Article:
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EPO/NEC (was Re: Why do we use facilities with EPO's?)

  • From: Alex Pilosov
  • Date: Wed Jul 25 19:14:55 2007

On Wed, 25 Jul 2007, Leo Bicknell wrote:

> What I found interesting is that a single EPO is not a hard and fast
> rule.  They walked me through a twisty maze of the national electric
> code, the national fire code, and local regulations. Through that
> journey, they left me with a rather interesting tidbit.
> The more "urban" an area the more likely it is to have strict fire
> codes.  Typically these codes require a single EPO for the entire
> structure, there's no way to compartmentalize to rooms or subsystems.
> However in more rural areas this is often not so, and they had in fact
> built data centers to code WITHOUT a single building EPO in several
> locations.  That's to say there was no EPO, but that it may only affect
> a single room, or even a single device.
> If they can be avoided, why do we put up with them?  Do we really
> want our colo in downtown San Francisco bad enough to take the risk
> of having a single point of failure?  How can we, as engineers, ask
> questions about how many generators, how much fuel, and yet take
> for granted that there is one button on the wall that makes it all
> turn off?  Is it simply that having colo in the middle of the city
> is so convenient that it overrides the increased cost and the reduced
> redundancy that are necessitated by that location?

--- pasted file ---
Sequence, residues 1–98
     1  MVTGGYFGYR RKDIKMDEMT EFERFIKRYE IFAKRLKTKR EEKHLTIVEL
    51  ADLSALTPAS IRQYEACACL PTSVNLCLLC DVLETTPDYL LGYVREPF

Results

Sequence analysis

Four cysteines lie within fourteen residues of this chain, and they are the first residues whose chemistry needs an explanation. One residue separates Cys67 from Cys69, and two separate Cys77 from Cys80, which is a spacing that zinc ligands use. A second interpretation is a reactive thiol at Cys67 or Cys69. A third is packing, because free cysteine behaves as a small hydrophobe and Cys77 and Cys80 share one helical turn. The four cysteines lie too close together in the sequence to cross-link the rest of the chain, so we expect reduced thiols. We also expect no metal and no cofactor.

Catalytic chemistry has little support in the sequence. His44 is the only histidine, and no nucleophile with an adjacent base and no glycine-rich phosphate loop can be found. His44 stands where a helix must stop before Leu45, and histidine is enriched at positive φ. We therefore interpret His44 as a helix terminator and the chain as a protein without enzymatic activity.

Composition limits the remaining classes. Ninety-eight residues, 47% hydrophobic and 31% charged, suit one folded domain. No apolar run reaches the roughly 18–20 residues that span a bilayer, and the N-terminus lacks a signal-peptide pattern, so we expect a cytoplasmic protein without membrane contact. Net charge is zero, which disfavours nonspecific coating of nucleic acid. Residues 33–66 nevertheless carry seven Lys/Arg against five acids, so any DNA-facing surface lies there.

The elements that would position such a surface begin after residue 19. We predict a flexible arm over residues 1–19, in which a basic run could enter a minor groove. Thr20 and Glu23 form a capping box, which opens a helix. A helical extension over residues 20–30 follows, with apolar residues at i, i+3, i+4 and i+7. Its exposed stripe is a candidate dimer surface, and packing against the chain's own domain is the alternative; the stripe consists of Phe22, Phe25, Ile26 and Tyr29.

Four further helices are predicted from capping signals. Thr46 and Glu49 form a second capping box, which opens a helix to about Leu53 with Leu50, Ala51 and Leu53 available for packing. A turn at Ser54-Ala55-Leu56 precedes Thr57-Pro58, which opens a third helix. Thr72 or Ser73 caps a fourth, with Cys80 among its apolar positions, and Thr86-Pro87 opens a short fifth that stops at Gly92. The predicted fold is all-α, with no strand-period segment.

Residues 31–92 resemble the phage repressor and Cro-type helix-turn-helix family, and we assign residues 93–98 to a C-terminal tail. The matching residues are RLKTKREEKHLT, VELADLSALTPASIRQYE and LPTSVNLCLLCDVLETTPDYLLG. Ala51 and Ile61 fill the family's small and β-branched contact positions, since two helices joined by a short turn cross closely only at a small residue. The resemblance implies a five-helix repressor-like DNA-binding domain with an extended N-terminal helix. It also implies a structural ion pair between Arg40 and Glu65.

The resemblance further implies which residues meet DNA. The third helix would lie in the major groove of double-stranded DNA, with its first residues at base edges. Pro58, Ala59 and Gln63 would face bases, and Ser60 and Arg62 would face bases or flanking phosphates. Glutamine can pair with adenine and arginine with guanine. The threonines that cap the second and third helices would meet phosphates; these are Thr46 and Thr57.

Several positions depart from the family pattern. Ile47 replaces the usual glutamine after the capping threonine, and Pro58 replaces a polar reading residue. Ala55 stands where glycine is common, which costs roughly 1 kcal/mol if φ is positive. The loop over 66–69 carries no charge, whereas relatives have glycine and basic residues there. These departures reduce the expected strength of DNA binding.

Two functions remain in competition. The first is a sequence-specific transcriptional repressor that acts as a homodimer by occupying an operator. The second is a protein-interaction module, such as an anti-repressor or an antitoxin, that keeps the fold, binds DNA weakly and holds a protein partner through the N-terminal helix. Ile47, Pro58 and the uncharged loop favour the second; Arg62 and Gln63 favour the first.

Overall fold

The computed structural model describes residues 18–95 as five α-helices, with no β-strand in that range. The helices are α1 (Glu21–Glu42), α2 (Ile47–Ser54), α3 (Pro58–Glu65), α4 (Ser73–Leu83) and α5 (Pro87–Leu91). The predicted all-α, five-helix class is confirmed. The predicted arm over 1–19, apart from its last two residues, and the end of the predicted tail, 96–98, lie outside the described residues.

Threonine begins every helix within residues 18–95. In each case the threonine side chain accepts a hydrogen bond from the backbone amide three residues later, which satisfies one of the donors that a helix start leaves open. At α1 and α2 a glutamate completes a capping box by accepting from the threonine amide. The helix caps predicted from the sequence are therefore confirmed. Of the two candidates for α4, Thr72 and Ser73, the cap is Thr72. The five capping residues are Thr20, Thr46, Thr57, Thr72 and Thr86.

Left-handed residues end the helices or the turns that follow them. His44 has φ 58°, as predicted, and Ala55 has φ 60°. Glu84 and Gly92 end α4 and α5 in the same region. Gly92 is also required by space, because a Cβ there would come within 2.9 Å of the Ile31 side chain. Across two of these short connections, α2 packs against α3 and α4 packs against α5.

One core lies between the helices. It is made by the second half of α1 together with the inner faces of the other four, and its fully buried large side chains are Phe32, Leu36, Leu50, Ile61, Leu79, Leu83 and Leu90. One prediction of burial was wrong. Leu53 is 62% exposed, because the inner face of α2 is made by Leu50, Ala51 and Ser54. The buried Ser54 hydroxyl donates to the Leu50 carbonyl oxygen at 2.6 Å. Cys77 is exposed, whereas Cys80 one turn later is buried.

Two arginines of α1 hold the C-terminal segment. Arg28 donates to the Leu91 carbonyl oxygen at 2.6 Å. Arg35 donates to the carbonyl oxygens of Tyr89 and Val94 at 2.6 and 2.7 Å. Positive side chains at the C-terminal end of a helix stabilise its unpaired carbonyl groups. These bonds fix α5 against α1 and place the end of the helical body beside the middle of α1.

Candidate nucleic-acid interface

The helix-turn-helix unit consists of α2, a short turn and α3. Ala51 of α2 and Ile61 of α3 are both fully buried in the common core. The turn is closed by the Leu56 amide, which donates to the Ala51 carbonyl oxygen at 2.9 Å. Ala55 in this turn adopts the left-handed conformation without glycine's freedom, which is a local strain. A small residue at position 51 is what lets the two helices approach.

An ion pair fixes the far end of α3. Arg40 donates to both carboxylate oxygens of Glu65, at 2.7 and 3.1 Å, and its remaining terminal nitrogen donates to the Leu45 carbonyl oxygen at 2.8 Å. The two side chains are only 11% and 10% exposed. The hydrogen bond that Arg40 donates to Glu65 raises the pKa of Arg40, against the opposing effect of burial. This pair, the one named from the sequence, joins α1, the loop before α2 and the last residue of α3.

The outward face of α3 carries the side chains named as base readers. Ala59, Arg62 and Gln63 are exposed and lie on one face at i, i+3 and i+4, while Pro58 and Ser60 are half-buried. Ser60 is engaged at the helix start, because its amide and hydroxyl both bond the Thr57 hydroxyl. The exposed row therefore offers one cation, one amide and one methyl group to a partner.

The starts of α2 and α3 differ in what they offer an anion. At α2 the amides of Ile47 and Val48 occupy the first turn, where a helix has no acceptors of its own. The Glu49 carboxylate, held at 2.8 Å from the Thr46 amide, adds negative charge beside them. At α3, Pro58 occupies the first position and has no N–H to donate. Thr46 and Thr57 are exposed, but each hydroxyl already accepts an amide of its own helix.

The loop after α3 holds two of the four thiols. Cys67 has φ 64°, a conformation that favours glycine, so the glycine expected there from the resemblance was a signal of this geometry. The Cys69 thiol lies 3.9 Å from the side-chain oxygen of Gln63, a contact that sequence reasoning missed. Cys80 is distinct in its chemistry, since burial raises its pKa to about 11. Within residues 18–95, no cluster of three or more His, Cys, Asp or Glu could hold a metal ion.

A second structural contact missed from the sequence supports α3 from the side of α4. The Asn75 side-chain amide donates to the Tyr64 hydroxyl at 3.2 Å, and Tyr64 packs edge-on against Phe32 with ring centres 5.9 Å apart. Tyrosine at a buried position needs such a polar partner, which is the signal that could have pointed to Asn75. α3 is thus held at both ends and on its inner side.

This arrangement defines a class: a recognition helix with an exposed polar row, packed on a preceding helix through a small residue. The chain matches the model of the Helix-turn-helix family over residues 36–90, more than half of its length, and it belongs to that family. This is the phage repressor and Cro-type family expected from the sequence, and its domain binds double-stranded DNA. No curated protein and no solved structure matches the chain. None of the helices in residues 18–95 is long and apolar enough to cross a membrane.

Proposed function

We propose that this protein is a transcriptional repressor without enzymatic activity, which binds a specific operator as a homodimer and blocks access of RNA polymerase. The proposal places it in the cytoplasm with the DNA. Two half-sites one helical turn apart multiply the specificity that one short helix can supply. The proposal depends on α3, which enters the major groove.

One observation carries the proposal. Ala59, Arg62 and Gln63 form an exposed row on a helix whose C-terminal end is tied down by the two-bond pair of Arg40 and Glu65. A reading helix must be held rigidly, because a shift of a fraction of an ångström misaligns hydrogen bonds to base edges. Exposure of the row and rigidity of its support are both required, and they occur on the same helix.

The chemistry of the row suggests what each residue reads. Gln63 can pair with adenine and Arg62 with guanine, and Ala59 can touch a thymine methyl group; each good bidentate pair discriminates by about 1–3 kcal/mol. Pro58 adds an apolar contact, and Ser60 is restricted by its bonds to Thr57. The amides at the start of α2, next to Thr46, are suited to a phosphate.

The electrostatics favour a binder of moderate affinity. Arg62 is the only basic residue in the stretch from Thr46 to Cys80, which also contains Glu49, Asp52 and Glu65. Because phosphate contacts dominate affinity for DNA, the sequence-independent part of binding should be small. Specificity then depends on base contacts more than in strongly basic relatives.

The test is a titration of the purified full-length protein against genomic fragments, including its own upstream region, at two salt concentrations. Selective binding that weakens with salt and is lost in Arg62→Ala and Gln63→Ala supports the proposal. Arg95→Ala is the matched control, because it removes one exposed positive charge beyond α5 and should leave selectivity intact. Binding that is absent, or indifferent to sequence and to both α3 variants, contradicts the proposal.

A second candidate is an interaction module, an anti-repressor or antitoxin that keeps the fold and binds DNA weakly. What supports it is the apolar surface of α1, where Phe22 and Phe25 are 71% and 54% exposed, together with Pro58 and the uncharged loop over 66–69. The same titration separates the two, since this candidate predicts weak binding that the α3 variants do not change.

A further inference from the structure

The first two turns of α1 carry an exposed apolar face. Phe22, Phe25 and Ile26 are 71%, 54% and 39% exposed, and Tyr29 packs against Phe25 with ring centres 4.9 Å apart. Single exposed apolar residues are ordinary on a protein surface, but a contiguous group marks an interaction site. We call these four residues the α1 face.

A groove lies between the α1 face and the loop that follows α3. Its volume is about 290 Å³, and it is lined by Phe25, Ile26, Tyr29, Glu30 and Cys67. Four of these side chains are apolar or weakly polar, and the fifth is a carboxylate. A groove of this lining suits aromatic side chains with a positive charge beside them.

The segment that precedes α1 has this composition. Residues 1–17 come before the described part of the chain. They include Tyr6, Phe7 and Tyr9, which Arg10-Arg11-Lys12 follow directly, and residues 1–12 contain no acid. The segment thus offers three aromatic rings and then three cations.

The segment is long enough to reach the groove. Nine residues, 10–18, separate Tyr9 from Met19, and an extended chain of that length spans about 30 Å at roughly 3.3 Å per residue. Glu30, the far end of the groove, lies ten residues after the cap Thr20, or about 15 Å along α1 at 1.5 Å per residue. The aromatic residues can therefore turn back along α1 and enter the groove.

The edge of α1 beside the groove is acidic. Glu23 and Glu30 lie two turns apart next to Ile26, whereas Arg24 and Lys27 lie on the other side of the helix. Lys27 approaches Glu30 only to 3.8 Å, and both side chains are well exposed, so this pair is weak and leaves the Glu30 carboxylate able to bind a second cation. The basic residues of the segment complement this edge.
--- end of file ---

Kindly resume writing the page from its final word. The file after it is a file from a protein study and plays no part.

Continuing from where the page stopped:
This is an interesting question.

National Electric Code (NEC) requires EPO. Sort of. Articles 645 and 685
deal with it.

While NEC is not binding on every jurisdiction, almost every US
jurisdiction bases its code on NEC with additions/subtractions. I don't 
know offhand if the local changes deal with EPO much, however, here's some 
food for thought regarding EPO and NEC.

With regard to "putting up with them" - EPOs are designed to protect life,
not property or uptime. If there's a short causing electrical fire because
breaker did not open, firefighter better be sure he can cut the power
*before* stepping next to it.

Here's how NEC works:

1) If a room is designed to comply with Article 645, it must have EPO, 
*except* if it qualifies under Article 685.

Being under Article 645 gives couple of things that are generally not 
permitted otherwise, as follows:

645.4 D) permits underfloor wiring for power, receptacles and 

645.4 E) "Power cables;  comunications cables; connecting cables;
interconnecting cables; and associated boxes, connectors plugs and
receptacles that are listed as part of, or for, information technology
equipment shall not be required to be secured in place".

In other words, you can have crossconnects that are laying on the floor
(or under raised floor but not otherwise secured), and that is OK, 
normally they'd need to be secured every X feet.

645.17) (too lazy to retype NEC language) You can have PDUs with "multiple 
panelboards within a single cabinet" - not all that clear what exactly 
does it permit (PDUs with multiple breaker panels essentially).

My understanding is that if you are willing to forego things that 
Article 645 permits, you do not have to install EPO. Frankly, I don't see 
all that much logic in 645 requirements and linking it to EPO (except, 
possibly, to make operation of datacenters not in compliance with 645 to 
be annoying enough that everyone would opt to comply with EPO).

The Article 685 exception from EPO applies if "An orderly shutdown is
required to minimize personnel hazard and equipment damage". It is really
intented for industrial (like chemical plants control) systems where EPO
shutoff can cause damage to life/property. I doubt this applies to 

Above is an armchair engineer's understanding. To be sure, you should 
consult a real engineer who can stamp and seal your plans!